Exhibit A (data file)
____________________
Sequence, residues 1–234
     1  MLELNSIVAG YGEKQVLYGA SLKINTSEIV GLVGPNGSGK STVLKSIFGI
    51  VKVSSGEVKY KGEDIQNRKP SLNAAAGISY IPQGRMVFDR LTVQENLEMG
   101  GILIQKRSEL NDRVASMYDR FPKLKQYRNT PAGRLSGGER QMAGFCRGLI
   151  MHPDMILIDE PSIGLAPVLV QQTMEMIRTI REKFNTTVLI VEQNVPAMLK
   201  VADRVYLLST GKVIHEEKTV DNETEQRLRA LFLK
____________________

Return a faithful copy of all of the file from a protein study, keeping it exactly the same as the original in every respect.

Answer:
Sequence, residues 1–234
     1  MLELNSIVAG YGEKQVLYGA SLKINTSEIV GLVGPNGSGK STVLKSIFGI
    51  VKVSSGEVKY KGEDIQNRKP SLNAAAGISY IPQGRMVFDR LTVQENLEMG
   101  GILIQKRSEL NDRVASMYDR FPKLKQYRNT PAGRLSGGER QMAGFCRGLI
   151  MHPDMILIDE PSIGLAPVLV QQTMEMIRTI REKFNTTVLI VEQNVPAMLK
   201  VADRVYLLST GKVIHEEKTV DNETEQRLRA LFLK